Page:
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History of Kefalonia
An aition explaining the name of Cephallenia and reinforcing its cultural connections with Athens, associates the island with the mythological figure of Cephalus, who helped Amphitryon of Mycenae in a war against the Taphians and Teleboans. He was awarded with the island of Samos, which thereafter came to be known as Cephallenia. Kefaloina is also suggested as the Homeric Ithaca, the home of Odysseus, rather than the smaller island bearing this name today. Robert Bittlestone, in his book Odysseus Unbound, has suggested that Paliki, now a peninsula of Kefalonia, was a separate island during the late Bronze Age, and it may be this that Homer was referring to when he described Ithaca. A project starting in the Summer of 2007, and lasting three years examines this possibility.
In the Southwest of the island, in the area of Leivatho, an ongoing archaeological field survey by the Irish Institute at Athens has discovered dozens of sites, with dates ranging from the Palaeolithic to the Venetian period. From archaeological point of view Kefalonia is an extremely interesting island. Archaeological findings go back to 40,000 BP. Without any doubt the island’s most important era is the Mycenaean era from approx. 1500-1100 B.C. The archaeological museum in Kefalonia’s capital Argostoli – although small – is regarded as the most important museum in Greece for its exhibits from this era.
The most important archaeological discovery in Kefalonia (and in Greece) of the past 20 years was the discovery in 1991 of the Mycenaean tholos tomb at the outskirts of the village Tzanata, near Poros in south-eastern Kefalonia (Municipality of Elios-Pronni) in a lovely setting of olive trees, cypresses and oaks. The tomb was erected around 1300 B.C. In these tholos tombs kings and high ranked officials were buried in the Mycenaean period. It is the biggest tholos tomb yet found in north-western Greece. The tomb was excavated by the archaeologist Lazaros Kolonas. The size of the tomb, the nature of the burial offerings found there and its well-chosen position point to the existence of an important Mycenaean town in the vicinity.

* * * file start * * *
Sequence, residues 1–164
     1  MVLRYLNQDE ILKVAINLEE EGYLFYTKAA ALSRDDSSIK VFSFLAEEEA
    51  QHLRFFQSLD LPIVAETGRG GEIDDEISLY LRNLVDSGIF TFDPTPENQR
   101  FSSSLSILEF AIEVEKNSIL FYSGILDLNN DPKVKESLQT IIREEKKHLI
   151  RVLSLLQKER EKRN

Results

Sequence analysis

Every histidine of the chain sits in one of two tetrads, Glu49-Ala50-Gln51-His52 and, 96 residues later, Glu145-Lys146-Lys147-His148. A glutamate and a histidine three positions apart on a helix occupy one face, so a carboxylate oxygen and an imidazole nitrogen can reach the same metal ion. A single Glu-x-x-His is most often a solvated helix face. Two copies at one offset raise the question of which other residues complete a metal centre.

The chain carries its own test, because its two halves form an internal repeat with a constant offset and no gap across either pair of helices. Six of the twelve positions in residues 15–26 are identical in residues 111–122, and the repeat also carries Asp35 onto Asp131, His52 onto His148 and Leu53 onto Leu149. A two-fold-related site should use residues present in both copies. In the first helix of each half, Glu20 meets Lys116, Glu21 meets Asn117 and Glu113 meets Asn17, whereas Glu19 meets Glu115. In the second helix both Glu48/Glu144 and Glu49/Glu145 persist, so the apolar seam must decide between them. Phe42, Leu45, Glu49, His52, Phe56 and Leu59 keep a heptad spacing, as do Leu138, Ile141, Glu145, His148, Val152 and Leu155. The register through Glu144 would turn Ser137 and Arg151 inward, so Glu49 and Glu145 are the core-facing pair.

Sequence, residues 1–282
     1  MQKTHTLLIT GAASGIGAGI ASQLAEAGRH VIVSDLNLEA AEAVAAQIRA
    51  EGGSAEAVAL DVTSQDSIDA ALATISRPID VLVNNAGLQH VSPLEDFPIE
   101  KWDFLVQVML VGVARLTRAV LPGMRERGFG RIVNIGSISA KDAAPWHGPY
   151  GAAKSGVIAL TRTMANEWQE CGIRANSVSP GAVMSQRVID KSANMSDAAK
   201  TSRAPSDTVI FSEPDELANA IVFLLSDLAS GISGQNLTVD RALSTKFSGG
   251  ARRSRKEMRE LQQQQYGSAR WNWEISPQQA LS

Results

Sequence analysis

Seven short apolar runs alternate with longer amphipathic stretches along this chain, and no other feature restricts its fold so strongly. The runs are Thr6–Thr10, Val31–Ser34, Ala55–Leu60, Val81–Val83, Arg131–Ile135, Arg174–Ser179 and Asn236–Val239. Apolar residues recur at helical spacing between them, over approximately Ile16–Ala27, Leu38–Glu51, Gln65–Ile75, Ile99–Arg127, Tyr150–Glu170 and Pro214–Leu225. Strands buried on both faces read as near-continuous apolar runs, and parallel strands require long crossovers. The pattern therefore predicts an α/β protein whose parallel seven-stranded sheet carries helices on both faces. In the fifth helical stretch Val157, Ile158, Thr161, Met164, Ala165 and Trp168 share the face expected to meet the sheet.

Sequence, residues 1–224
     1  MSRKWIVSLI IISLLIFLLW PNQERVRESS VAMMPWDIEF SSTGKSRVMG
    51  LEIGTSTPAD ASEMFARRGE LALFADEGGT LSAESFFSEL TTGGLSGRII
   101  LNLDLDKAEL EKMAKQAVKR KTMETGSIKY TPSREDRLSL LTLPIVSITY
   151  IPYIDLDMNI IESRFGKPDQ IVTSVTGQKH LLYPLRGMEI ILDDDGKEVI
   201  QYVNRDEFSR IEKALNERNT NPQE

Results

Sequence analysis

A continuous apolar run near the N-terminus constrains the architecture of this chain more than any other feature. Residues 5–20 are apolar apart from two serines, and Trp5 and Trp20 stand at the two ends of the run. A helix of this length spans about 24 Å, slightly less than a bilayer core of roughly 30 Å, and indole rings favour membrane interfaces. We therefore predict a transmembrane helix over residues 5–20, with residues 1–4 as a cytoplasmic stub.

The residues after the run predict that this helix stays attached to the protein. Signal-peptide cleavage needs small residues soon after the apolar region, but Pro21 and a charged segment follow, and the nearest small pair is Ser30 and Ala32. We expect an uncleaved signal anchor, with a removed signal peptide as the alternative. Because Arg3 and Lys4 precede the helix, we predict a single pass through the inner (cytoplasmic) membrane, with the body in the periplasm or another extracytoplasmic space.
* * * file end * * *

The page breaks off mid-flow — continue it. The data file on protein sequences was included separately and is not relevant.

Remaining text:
During the Middle Ages there existed the County palatine of Cephalonia and Zakynthos under the Kingdom of Naples and later the Venetian Republic. Venetian rule was interrupted by Ottoman rule between 1479-1500.
In the 16th to 18th centuries, it was one of the largest exporters of currants in the world, providing with Zakynthos and owned a large shipping fleet, even commissioning ships from the Danzig shipyard. The towns and villages mostly were built high on hilltops, to prevent attacks from raiding parties of pirates that sailed the Ionian Sea during the 1820s.
French, Ionian state period and British Rule
From 1797 to 1798, the island was part of the French départment Ithaque. From 1799 to 1807, it was part of the Septinsular Republic, nominally under sovereignty of the Ottoman Empire but protected by Russia. After a renewed period under French control (1807–1809), it was liberated by Britain and became part of the British-controlled United States of the Ionian Islands from 1815 to 1864.
Union with Greece
In 1864, Kefalonia, together with all the other Ionian Islands, became a full member of the Greek state.
Ionian Emerald Resort – 5 Star Hotel Kefalonia